The 30th Anniversary Conference has three themes plus a general submission stream:
Everyday Icons: Cultural studies celebrates the everyday with insight. As a discipline, we are renowned for cultivating a discerning approach to understanding geographies of belonging. We are all attached to everyday places, rituals, local celebrities and ideas in ways that organise individual and cultural identity and choreograph belonging. Ask a Melbourne local about Mirka Mora or Franco Cozzo: local celebrities who shaped the city and who live on in urban Melbourne spaces. Ask a Gold Coast resident about Big Kev and mediated, lived, historical and contemporary experiences, places, images, sounds will be woven together in sharing dis/identification and dis/attachment. Local people become everyday icons, as do buildings, giant landmarks (be they animals or fruits), and scholarly figures. The everyday icons of Australian cultural studies have shaped the thinking of a generation and built the foundations for cultural studies now. This theme invites you to celebrate the vernacular icons that shape your quotidian experience. From Meaghan Morris to boutique coffee shops, we want to hear about why and how your everyday icons provide sustenance. Who or what is your everyday icon? What is fabulous about this icon?
Pasts and Futures: Putting culture, texts, artefact and emergences into their temporal context is a key cultural studies activity. In an anniversary year, we often look back at trajectories of the past to understand the present and predict the future, and we are certainly keen to do so at an anniversary conference. Yet, critiquing chrononormativity as the cultural condition that deploys temporal concepts—including pasts, presents and futures—to organise and make productive bodies, being, selfhood and relationality is also an important cultural studies endeavour. As climate catastrophes make futures less knowable, we are driven to develop new ways to think those chronormativities to address the urgency of the future at local and global scale. This theme calls upon us to ask how temporalities, choronormativities and the consideration of histories and futures shape cultural studies research. What are the utilities for conceiving research that emerge from revisiting cultural studies’ pasts? How does the application of temporality change the trajectories of a cultural artefact? And in what instances do we eschew the constraints of linear temporality to think otherwise?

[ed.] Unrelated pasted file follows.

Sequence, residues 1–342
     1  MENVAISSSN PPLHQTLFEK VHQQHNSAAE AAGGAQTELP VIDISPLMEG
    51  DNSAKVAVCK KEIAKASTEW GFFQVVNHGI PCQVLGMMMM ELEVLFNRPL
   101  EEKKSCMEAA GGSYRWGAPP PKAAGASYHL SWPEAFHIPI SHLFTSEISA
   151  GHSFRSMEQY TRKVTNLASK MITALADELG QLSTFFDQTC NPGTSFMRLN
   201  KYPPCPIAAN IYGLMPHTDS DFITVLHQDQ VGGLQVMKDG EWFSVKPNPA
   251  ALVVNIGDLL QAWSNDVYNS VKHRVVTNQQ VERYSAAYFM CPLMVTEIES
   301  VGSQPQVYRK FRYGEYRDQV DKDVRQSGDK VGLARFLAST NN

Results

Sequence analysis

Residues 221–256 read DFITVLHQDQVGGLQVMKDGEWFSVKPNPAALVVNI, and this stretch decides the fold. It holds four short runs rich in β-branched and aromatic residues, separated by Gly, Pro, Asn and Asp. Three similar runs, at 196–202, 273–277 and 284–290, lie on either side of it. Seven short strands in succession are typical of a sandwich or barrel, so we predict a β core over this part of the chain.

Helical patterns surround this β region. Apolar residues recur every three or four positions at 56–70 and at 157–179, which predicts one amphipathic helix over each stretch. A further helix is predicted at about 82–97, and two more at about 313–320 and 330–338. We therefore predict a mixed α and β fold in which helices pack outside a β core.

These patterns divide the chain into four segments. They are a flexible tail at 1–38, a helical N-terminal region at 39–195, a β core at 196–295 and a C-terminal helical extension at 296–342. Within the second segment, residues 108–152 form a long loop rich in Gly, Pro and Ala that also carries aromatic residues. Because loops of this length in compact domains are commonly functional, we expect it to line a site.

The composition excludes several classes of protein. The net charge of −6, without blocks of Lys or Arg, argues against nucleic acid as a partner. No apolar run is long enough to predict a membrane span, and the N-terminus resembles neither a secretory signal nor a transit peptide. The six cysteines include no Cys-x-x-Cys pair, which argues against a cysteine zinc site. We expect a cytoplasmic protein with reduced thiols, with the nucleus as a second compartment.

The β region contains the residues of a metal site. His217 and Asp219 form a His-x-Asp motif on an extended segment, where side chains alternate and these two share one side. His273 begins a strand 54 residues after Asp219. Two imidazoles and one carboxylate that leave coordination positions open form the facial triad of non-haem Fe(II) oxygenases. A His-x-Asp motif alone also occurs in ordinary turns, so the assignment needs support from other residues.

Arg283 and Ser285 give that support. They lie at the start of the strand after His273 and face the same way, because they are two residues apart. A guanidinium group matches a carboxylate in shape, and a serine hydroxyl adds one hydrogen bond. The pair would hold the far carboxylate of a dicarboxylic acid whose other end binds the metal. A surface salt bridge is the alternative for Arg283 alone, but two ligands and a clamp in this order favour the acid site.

National interests: In the era of COVID-related restrictions on mobility, the figure of ‘the nation’ has become more marked as (some) people are further restricted from crossing its borders, while many others became more dependent on government biopolitical initiatives to sustain life in an era of pandemic, of climate catastrophes and the emergence of warrior-like tensions in many regions. And, of course, many are vulnerabilised by the same initiatives or by the failure of national interests to sustain life in inclusive and democratic ways. As the concept of national interests increasingly governs research funding regimes and scholars are called upon to demonstrate their alignment with national interests, how can cultural studies scholarship navigate the lines between the regimes that fund research, resistance to nationalism, and the politicisation of scholarship?
Submit a proposal
We are calling for proposals for:
- papers (including multi-authored papers)
- panels (of 3-4 presentations).
Papers can address any of themes above or be in the ‘general’ category.
To submit a paper proposal we ask for title, abstract (250-300 words) and bio (50 words). To submit a panel proposal we ask for a panel title, panel abstract (100 words) and individual paper titles/abstracts/bios.
Submissions are now closed.
Any queries, please contact the team at CSAA.Conference.email@example.com